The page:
It will determine how far the filament will travel over the print surface. As a general rule, the further the nozzle can retract, the less likely will you be able to encounter 3D printer oozing. But then again, if you were to retract a bit too far, the filament just might turn out to be unavailable at the hot end whenever you decide to resume printing.
The retraction distance typically varies as per the type of extruder that you use on your Ender. However, a Bowden extruder will almost always need a higher retraction distance. This is thanks to the considerably longer distance in-between the nozzle and the machine’s drive gear.
If you were to search online, you will see that the retraction speed will determine precisely how quickly the machine retracts the filament. Generally speaking, faster retraction speeds mean that it is easy to follow through, and stringing is markedly less likely to occur.
This is because the filament will be pulled back very fast. Too fast for it to start oozing. However, here, it is pertinent to note that whenever the retraction speed becomes a bit too fast, it just might cause the filament to disconnect entirely from the nozzle
Therefore, it is very important for you to search for and find the sweet spot between the fast and slow speeds of the nozzle, where retracting levels would be optimal.
This precise speed will vary due to the printing material used. You should ideally perform a few test prints in order to determine the perfect retracting speed. You should commence with 50 mm/s and then proceed to slow down if you see any filament damage.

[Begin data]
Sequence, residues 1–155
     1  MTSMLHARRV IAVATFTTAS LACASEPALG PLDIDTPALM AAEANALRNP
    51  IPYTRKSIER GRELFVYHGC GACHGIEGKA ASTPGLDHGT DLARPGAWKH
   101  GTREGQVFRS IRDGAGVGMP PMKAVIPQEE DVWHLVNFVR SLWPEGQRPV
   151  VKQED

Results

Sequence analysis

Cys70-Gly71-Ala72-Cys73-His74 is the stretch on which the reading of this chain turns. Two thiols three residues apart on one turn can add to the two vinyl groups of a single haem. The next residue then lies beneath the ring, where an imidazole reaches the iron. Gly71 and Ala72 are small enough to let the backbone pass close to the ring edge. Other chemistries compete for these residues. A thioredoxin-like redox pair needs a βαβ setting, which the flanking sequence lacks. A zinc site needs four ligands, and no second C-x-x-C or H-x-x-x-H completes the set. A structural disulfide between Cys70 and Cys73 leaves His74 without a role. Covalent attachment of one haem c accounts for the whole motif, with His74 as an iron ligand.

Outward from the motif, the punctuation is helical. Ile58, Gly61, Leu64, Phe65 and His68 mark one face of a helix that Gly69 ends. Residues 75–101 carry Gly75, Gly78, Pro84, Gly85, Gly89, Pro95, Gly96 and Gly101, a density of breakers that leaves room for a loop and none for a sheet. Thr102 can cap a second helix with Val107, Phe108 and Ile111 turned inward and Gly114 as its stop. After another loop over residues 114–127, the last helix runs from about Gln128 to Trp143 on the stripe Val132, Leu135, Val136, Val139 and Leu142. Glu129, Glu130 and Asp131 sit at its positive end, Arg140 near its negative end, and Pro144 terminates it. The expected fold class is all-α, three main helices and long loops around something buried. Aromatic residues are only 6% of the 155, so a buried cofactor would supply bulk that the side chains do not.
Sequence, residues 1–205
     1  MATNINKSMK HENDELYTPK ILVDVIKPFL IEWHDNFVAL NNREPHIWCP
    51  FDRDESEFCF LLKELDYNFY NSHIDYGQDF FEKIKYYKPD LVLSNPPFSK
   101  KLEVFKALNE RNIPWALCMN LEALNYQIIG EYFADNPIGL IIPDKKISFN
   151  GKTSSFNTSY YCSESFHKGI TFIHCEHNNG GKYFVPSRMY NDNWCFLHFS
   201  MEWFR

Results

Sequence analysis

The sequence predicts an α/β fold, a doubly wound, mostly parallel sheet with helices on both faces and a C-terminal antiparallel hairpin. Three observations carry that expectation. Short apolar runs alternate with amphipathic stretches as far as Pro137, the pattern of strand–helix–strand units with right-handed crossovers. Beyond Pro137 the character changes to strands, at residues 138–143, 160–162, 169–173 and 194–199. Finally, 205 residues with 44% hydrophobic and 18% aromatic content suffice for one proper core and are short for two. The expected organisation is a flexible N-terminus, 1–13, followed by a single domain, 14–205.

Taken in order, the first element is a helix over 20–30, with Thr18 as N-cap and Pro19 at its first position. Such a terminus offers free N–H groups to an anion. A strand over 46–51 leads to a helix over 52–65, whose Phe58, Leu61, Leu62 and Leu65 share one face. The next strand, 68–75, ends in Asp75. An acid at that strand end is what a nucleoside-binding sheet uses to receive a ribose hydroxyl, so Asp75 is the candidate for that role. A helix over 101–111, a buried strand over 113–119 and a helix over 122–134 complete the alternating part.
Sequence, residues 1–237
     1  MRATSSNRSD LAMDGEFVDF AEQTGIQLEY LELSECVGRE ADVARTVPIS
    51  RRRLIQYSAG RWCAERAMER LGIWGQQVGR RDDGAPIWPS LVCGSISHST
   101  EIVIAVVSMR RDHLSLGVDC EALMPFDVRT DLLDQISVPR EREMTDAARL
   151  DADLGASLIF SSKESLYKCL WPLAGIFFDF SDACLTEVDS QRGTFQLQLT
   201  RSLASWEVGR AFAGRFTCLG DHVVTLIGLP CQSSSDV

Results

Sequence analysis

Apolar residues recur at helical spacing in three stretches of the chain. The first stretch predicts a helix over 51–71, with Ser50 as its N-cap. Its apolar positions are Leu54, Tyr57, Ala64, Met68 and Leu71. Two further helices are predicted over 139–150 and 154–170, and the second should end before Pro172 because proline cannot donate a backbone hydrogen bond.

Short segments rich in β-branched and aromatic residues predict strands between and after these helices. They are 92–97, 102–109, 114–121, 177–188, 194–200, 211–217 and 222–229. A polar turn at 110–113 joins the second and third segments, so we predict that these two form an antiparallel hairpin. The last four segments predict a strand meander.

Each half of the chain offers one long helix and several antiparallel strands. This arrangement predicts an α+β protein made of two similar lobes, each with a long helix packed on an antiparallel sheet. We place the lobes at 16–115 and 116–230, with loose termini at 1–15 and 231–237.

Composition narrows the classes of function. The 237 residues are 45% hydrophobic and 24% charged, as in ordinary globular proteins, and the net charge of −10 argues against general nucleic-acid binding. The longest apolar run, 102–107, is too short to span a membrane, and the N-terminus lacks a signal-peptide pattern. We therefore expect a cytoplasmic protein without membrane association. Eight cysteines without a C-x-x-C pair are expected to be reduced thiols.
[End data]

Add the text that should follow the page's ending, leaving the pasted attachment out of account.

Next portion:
Retraction Extra Prime Amount (REPA)
Next comes REPA. This setting will allow you to safely compensate for any material that might have been lost through oozing and get the maximum output. When the Ender 3 printer primes itself after retracting, it will automatically push whatever amount is still available in this setting.
You should work on the retraction setting until the amount being pushed is 0. Once it is at zero your retraction distance will be correct and you won’t have this problem anymore.
Minimum Extrusion Distance Window
This will help you to specify the precise length of filament that the Maximum Retraction Count will be enforced on so that you get the desired prints.
For instance, if the Maximum Retraction Count is set to 5 while the Minimum Extrusion Distance Window (MEDW) is set at 10mm, the machine’s extruder will only retract five times over a piece of filament 100 mm in length. The printer will ignore all retracting related commands after that.
It is recommended to keep this number as close to the ideal ‘Retraction Distance,’ as possible. You should work with your Maximum Retraction Count (MRC) to make sure you don’t inadvertently damage the filament.
MEDW: Set the desired Retracting Distance
Limit Support Retractions
This is a checkbox setting. (If it is not available in your system, you should get it checked.) Once enabled, it will stop retracting when the extruder is moving within the supports. Yes, there will be a bit of stringing, but only within the support structure.